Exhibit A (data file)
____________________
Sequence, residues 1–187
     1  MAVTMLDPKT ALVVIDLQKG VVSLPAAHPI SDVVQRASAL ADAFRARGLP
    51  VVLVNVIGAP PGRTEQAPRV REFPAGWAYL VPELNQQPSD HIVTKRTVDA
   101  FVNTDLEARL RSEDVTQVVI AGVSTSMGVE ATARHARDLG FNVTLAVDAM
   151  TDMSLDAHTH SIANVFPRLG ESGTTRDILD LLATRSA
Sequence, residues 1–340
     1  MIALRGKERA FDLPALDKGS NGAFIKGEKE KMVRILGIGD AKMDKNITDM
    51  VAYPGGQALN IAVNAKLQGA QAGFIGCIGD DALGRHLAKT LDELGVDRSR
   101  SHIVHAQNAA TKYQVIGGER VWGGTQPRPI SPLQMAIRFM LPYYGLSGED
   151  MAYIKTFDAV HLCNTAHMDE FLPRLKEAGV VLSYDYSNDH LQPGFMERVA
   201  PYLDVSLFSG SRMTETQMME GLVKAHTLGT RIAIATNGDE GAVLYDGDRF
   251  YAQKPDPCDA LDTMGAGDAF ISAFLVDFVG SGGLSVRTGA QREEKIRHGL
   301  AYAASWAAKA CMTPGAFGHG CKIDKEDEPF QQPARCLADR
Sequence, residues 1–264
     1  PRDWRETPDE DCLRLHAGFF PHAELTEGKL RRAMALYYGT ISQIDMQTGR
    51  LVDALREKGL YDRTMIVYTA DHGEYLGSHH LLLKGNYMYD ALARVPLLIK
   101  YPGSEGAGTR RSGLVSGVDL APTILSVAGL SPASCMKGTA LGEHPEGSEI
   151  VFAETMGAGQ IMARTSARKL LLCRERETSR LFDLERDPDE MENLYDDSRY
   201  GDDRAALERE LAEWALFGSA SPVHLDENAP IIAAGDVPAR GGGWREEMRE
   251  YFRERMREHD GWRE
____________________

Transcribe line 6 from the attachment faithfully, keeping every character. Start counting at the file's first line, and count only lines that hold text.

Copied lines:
Sequence, residues 1–340